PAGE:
In November of 1871, Adolphe Hugel and George Cox of the Midland Railway Corporation of Peterborough and Port Hope selected this site for the western terminus of their railway. It was July 1st 1879 when the construction was completed and the station was officially opened for commercial and passenger service.
The station was at the foot of Midland Avenue, not far from where you are now and was near the old CN station that existed until 1998. In 1881, the Midland Railway built the first large grain elevator and regular commercial grain shipments by ship and rail began.
Above a modern day druggist, Jory IDA Pharmacy, is a view into an old time apothecary. Druggists in those days were virtually chemists who mixed their "cures" as outlined by your physician. Medicine didn't come in pill forms, but in powders, drinks and mixtures to help make you well.
On the right ''The wye Marsh". It shows a view of the Wye Marsh at sunset, while looking towards the Martyrs' Shrine, which can be seen in the background. The foreground shows two groups of Mallard Ducks. One group is preparing to land in the marsh while the other is passing over the marsh. The Wye Marsh is a local wildlife center dedicated to preserving the marshlands and the wildlife that inhabits it. Not only is it a wonderful experience to visit the Wye Marsh, it is very educational as well.
The mural in the middle is a reproduction of the very first in-store advertisement for Benjamin Moore Paints. This mural blends the actual windows on the building so that they appear as part of the mural. The only "fake" window is the middle one. This advertisement first appeared in 1919 and featured the tag line "Quality forever-Moore."
The third mural depicts Midland's bustling harbour with an example of one of the many passenger and packet steamers the plied the waters of Georgian Bay at the turn of the century. Appropriately, the foreground "Fishing in Midland Harbour", shows a young man fishing off the dock while a dog watches. This is appropriate since this mural was located on the front of the Midland Fish & Chips Restaurant.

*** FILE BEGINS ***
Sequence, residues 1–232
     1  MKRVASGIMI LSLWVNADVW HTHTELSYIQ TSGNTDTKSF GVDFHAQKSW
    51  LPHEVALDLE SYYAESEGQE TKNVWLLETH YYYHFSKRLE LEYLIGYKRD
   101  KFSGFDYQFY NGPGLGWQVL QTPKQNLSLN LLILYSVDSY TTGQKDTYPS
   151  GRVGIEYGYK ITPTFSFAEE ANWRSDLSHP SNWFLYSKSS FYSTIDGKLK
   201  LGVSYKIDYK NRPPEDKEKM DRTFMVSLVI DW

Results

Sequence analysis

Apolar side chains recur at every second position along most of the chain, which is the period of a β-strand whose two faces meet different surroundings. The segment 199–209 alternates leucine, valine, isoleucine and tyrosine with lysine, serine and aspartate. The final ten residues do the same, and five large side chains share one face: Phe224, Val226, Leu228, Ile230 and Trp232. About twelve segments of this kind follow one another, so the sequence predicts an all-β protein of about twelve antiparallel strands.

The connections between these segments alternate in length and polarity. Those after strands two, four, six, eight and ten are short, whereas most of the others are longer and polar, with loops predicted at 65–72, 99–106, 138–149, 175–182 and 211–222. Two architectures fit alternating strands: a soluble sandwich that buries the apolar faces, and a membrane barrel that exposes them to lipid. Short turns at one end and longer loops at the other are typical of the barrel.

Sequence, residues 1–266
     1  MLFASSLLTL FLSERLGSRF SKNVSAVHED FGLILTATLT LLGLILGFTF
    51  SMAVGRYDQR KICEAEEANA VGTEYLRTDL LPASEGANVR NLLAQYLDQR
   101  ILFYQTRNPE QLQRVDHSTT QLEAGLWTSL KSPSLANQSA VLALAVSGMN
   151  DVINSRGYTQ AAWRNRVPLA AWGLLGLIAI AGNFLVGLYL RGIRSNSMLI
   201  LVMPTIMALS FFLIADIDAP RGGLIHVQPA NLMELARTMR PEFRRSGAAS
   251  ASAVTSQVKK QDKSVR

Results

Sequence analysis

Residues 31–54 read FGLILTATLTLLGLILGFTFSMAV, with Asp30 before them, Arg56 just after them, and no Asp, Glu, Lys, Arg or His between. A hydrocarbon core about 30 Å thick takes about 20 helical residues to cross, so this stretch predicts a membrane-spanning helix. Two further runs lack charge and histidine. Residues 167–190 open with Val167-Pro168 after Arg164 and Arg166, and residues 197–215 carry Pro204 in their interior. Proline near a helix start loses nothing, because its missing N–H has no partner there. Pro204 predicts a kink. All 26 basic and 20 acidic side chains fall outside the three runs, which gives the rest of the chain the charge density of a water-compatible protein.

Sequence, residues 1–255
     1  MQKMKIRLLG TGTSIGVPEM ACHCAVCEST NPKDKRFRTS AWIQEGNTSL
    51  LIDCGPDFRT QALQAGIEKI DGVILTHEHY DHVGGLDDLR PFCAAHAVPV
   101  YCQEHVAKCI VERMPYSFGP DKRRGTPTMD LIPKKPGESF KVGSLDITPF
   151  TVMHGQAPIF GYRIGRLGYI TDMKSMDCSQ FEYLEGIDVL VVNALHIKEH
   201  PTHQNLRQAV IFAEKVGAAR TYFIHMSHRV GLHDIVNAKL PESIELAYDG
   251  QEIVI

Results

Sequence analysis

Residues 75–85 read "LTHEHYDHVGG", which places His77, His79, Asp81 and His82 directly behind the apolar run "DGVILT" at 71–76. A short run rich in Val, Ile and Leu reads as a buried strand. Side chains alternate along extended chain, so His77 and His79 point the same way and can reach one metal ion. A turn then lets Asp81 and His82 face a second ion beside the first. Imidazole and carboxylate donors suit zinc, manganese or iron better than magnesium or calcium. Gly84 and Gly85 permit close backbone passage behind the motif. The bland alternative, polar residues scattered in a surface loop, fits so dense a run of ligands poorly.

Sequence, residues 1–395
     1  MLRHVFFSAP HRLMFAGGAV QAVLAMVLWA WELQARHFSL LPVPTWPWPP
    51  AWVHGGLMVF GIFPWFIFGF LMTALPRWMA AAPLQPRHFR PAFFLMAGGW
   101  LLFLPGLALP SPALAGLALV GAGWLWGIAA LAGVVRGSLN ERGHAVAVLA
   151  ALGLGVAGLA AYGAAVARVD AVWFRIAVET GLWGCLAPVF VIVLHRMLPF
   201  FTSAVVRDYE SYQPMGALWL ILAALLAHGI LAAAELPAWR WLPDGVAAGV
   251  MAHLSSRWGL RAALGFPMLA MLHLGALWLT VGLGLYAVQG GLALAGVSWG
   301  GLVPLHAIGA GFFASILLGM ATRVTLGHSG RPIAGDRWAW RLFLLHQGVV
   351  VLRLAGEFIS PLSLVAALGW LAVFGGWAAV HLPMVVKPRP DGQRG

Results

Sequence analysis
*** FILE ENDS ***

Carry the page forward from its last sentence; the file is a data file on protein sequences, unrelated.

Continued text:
On the wall of what was the Roxy Theatre is the mural that depicts Sainte-Marie Among the Hurons at the time when Jesuit missionaries lived at the site among the Huron Indian people. The time period is in the mid 1600s. For ten years Sainte-Marie flourished. It would be the home of all the French in the area. In 1649, the Huron Nation was scattering fearfully before the encroaching Iroquois. Tribal warfare intensified as the rivalry for the fur trade grew. Five priests met their death before the settlement was abandoned and burned.
Located on the ADM Ogilvie silos is the "largest historical outdoor mural in North America" after completion in 2001. It measures about 80 by 210 feet and depicts a Jesuit priest and a Huron native gazing from a hilltop over the Wye Valley and into the nearby village of Sainte-Marie among the Hurons as it would have appeared in 1640. It is commissioned by the Downtown Midland BIA and ADM. This mural was started by Fred Lenz in October 1999. Fred passed away in May 2001 before it could be completed. The mural was completed in October 2001 by his sons Stephen and Robert and family friend Michele Van Maurik .
Through the city of Midland you will find several paintings on walls. These paintings are really nice to watch/see. Some are nicer then others, but in general they are all nice to see.